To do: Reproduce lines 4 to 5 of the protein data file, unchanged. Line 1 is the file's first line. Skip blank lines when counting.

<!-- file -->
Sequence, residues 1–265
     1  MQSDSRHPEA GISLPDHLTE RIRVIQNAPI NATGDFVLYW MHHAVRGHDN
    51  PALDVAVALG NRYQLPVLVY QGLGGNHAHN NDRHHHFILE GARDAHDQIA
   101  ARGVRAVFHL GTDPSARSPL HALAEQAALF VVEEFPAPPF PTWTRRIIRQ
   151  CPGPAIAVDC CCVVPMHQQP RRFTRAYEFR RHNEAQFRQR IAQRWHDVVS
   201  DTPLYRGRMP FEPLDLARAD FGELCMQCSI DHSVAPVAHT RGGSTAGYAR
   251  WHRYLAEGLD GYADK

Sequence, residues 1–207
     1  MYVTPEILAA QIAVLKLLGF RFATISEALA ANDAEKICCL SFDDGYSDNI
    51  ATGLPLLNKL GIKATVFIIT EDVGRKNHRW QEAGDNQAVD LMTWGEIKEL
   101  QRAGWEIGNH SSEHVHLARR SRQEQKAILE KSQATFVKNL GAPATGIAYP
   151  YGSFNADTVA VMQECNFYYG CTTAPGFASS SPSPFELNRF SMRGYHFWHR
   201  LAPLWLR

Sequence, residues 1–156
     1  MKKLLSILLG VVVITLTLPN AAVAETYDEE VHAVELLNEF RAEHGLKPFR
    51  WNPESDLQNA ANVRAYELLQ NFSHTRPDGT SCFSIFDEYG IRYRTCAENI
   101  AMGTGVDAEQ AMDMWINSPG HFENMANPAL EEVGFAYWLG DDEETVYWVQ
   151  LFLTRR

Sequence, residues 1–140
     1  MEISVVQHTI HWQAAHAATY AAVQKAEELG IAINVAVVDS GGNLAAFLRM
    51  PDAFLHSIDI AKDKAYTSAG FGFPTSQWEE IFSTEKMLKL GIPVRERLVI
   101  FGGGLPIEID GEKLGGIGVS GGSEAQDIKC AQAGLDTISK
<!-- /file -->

   101  ARGVRAVFHL GTDPSARSPL HALAEQAALF VVEEFPAPPF PTWTRRIIRQ
   151  CPGPAIAVDC CCVVPMHQQP RRFTRAYEFR RHNEAQFRQR IAQRWHDVVS